TV Doctor Zoe Williams is one of the hundreds of single women who has opted to freeze their eggs. The 38-year-old, who starred as Amazon in the Gla
TV Doctor Zoe Williams is one of the hundreds of single women who has opted to freeze their eggs.
The 38-year-old, who starred as Amazon in the Gladiators TV series before becoming a GP, had her first appointment to begin the process earlier last month.
She is mindful that she is lucky to be able to afford to freeze her eggs, and that for many women, including some of her own patients, the expensive procedure is simply out of the question.
‘I’m in a fortunate position that I have the choice,’ she says.
‘It’s a lot of money so it comes at a sacrifice, but so many women just don’t even have that choice. We’re not talking about women who are the lowest earners, we’re taking about the majority of women who may have to resort to taking out loans to do this.’
Dr Williams, who regularly appears on ITV’s This Morning giving medical advice, says the idea of freezing her eggs was raised by her mother in 2014, when she was 34. She did not do anything because she still hoped to meet ‘Mr Right’.
But given her knowledge of how fertility decreases after 35, she now wishes she had acted earlier – and would have done, had egg-freezing been free on the NHS.
‘I chose at 35 to buy a flat but I could have chosen egg-freezing instead. In hindsight that would have been the best thing,’ she says. ‘So if it had been available on the NHS, I would certainly have done it younger.’
Britain faces a fertility crisis that can only be sensibly and fairly addressed with radical action.
Over the past three years I have been campaigning to introduce fertility education into the curriculum across the UK. Considerable progress has been made, but I believe that we now need something more fundamental.
That is why I’m calling on the Government to support the right for women between the ages of 30 and 35 who wish to have children but are not ready to start a family, to have their eggs frozen for free on the NHS.
To some, this will seem like an expensive luxury, but there are compelling social, ethical and financial reasons for doing it.
I believe that helping women and couples to conceive naturally is by far the best option. But the reality is that women are increasingly delaying having children until later in life.
For some this is to establish a career and seek financial security, but recent research shows it is mostly because they have been unable to find a suitable partner.
Of course, increased freedom and equality for women is welcome, but as a consequence some of those who wait until later in life to start a family may struggle to conceive.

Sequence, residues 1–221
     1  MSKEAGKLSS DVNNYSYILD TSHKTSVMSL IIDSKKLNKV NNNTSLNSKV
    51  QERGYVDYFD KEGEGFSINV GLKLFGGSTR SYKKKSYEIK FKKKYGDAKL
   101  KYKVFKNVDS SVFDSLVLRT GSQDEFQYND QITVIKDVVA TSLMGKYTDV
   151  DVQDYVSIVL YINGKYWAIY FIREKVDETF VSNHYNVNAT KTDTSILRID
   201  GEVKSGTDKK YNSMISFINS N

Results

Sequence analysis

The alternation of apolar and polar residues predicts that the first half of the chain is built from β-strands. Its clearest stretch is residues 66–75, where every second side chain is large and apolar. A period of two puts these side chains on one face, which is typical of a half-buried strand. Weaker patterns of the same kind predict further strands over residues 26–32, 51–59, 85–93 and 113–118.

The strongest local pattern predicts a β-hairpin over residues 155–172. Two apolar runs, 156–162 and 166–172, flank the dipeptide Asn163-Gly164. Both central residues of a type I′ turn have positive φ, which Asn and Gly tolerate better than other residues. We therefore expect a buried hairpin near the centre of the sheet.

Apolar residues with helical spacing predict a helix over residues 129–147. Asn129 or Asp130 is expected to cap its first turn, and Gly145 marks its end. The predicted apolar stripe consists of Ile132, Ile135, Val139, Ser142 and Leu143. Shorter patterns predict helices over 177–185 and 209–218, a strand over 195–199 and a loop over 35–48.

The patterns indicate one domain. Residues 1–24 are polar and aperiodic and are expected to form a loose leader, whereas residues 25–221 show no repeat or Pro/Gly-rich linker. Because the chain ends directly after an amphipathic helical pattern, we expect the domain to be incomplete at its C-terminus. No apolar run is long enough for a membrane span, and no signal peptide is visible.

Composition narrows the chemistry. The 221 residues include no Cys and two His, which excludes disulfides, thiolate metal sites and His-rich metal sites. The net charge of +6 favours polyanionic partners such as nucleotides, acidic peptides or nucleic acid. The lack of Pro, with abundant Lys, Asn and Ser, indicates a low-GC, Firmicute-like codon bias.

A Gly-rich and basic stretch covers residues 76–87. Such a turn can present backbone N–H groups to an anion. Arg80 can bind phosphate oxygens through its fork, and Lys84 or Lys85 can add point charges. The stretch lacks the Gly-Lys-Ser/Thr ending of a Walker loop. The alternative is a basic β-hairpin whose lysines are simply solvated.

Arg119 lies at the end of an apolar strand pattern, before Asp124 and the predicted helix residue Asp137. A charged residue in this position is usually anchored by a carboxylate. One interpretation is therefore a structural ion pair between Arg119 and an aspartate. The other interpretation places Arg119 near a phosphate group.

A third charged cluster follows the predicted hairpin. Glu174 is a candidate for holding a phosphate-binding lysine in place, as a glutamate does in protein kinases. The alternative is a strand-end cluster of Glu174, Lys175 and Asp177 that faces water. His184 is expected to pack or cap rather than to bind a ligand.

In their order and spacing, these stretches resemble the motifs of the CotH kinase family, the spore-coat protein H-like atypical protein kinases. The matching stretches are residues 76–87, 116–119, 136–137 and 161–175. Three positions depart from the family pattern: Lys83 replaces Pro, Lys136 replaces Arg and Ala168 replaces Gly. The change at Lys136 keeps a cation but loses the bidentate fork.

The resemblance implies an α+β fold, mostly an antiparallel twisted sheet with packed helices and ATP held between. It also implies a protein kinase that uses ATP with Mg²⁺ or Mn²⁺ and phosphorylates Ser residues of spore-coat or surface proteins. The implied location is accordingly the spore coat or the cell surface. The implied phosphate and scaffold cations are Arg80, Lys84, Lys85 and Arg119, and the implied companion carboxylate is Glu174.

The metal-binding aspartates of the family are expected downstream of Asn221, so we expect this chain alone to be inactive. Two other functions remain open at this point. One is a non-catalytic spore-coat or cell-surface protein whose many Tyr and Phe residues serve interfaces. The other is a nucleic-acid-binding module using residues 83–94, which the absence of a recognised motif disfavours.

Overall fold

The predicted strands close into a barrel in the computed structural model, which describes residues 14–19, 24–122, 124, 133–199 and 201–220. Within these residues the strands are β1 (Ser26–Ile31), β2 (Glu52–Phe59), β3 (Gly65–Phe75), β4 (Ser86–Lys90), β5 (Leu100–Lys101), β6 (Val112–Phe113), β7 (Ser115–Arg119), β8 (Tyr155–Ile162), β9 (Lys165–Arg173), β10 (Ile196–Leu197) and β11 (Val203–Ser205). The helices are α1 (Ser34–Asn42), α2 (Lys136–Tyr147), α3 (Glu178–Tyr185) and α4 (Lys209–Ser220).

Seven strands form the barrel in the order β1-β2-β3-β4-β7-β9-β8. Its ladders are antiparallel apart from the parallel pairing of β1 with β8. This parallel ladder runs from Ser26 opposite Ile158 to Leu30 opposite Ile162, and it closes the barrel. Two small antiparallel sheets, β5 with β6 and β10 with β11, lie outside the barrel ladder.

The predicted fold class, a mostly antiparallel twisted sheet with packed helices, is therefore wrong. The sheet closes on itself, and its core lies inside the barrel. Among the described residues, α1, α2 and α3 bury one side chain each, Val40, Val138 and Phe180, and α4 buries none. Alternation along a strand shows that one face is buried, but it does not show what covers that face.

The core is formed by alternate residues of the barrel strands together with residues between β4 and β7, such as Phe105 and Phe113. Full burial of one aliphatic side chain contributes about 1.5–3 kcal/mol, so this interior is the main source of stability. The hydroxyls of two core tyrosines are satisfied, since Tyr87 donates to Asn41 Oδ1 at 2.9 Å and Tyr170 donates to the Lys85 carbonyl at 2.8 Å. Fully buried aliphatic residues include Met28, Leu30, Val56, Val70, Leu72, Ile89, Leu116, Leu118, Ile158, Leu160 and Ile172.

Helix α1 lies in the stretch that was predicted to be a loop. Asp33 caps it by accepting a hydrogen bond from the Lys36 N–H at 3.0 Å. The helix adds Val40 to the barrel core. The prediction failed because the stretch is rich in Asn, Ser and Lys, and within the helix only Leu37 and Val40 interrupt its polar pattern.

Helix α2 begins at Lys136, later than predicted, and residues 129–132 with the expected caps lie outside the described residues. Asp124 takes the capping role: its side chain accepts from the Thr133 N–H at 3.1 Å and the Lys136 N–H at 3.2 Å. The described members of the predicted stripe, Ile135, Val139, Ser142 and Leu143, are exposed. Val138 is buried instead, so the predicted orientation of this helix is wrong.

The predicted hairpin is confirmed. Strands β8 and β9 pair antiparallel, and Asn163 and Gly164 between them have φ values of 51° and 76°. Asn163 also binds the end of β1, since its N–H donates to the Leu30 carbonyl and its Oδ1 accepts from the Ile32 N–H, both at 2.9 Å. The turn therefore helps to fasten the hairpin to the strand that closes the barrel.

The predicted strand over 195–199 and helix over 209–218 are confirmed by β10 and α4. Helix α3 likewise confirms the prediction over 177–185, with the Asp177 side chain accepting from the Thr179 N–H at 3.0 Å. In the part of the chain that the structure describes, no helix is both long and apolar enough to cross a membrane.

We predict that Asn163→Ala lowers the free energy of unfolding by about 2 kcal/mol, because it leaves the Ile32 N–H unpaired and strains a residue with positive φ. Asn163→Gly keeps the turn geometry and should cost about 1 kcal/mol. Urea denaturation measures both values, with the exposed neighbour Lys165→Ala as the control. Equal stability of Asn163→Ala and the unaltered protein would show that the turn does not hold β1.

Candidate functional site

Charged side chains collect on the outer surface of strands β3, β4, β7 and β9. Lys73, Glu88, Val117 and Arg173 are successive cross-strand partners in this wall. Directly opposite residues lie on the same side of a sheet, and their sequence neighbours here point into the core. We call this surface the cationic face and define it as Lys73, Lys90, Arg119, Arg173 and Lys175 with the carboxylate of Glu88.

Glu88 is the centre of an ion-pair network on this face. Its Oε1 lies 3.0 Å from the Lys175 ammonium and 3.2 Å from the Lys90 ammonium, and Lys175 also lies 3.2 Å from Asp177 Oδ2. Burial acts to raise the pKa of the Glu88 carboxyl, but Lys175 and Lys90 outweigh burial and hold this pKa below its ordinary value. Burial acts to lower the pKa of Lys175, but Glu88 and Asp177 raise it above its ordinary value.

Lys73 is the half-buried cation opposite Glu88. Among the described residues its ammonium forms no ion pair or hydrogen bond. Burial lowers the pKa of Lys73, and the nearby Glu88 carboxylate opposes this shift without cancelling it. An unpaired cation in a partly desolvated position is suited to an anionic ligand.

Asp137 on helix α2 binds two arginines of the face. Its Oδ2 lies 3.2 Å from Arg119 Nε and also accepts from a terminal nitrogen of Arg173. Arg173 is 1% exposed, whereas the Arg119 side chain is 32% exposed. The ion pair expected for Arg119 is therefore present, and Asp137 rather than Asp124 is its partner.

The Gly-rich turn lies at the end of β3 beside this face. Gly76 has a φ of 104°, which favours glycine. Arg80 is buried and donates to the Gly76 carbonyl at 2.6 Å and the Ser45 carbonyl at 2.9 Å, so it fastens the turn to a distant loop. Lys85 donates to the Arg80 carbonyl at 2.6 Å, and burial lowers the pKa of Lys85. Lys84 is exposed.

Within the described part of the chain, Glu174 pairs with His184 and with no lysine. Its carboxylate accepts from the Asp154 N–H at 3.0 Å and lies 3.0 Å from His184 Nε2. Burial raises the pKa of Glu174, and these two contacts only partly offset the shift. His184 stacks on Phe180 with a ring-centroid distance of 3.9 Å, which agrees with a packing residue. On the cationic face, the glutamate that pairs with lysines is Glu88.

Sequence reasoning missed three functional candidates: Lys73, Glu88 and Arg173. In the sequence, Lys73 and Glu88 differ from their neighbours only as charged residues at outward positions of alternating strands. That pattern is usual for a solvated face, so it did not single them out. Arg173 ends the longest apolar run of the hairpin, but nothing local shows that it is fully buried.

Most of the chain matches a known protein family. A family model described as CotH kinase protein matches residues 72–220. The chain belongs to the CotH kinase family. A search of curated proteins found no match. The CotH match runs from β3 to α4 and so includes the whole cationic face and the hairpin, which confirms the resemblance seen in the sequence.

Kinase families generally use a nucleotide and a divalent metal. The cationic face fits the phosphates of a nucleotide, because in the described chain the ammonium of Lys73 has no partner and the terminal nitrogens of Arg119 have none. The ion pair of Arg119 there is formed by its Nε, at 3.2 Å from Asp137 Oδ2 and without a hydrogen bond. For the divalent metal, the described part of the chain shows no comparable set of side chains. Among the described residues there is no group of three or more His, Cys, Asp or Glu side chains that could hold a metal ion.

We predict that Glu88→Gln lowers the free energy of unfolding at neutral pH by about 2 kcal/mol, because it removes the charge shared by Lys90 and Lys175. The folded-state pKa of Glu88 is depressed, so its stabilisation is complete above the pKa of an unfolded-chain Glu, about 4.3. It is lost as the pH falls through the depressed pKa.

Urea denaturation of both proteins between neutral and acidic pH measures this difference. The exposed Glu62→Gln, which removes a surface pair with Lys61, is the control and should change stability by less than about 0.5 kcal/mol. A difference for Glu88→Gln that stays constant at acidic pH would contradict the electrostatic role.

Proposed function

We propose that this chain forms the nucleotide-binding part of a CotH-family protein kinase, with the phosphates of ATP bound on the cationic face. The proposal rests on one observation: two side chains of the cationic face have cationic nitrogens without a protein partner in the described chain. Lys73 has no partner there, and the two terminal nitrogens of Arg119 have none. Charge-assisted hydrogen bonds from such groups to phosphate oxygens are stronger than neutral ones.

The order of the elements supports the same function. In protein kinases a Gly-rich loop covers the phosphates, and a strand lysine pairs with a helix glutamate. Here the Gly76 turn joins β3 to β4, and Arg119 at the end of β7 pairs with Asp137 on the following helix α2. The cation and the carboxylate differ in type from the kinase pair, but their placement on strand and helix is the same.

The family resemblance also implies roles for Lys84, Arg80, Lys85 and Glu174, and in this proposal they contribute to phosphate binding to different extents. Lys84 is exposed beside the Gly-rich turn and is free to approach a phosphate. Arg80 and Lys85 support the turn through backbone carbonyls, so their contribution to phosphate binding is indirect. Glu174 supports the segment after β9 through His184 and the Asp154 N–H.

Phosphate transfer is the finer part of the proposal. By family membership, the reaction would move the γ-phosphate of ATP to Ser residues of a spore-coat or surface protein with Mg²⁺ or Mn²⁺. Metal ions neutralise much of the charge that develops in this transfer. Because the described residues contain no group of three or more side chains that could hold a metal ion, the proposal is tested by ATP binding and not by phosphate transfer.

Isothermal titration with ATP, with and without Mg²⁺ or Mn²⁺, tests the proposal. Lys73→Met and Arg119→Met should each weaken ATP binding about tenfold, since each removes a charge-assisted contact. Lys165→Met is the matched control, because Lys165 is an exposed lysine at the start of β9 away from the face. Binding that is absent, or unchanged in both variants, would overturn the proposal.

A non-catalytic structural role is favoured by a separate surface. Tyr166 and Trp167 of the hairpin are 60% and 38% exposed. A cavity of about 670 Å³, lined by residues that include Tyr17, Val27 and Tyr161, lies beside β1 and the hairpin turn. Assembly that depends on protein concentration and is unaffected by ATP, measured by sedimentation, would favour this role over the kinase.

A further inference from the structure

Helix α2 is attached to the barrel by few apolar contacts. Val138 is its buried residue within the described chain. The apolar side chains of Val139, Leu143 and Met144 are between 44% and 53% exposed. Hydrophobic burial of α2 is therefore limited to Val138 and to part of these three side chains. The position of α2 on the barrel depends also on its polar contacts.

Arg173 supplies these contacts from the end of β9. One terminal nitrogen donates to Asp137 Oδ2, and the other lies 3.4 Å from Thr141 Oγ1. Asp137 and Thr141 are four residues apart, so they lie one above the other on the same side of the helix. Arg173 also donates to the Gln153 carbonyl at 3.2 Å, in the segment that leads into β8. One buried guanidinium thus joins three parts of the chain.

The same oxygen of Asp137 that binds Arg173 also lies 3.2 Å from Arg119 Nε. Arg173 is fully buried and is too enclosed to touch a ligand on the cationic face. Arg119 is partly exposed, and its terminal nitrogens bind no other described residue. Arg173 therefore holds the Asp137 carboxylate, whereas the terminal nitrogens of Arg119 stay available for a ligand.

Egg freezing could avert that by offering women the opportunity to preserve their fertility. It is a revolutionary step forward in empowering women to protect their fertility and in the UK take-up of egg freezing has increased 400 per cent since 2010.
However, egg freezing is currently only available to those who can afford the £3,000-£5,000 cost of the procedure. It cannot be morally right that access to this treatment is governed by a bank balance.
Because of the cost, egg freezing is out of the reach of most women.
In fact, the women who most often come to freeze their eggs are older, by which time the efficacy is diminished.
We know the success rates for egg freezing are best for women who bank eggs before their mid-30s, so why not freeze them earlier and use them later when the time for motherhood is right? This would allow women to preserve their eggs for ‘self-donation’ rather than relying on egg donors.
In the longer term, it could save the NHS money because fewer women would be seeking expensive multiple cycles of IVF treatment in their late 30s and early 40s when success rates for fertility treatment drop considerably.
If, instead, women were able to use previously banked eggs, the scarce resources of the NHS would be better served.
Research has shown that the live birth rate is higher with younger eggs, miscarriage rates are lower and there are fewer chromosome abnormalities in children.
The proposal will also reduce reliance on egg donors, concerns about ‘reproductive tourism’ for egg donation and the burden on the NHS left by the unscrupulous practice of some foreign clinics.
Thus, as well as the overall economic benefits of improved fertility, we could reduce the cost and strain placed on our already struggling NHS.
Children are vital to ensure a thriving economy and society. Although the global population is projected to rise by 2 billion by 2050, the UN says the population in Europe will decline by 14 per cent over the same period. Making it easier for women to become mothers makes sense for the long-term economic prosperity of the country.
A record number of women are now in work – something that the Government has advocated and encouraged. They contribute to Treasury coffers through income tax and National Insurance.
It is now time for the Government, through relevant departments such as the Treasury and the Women and Equalities Office, not just the NHS, to develop a policy on fertility that has not only moved with technology, but also makes a stand against gender inequality.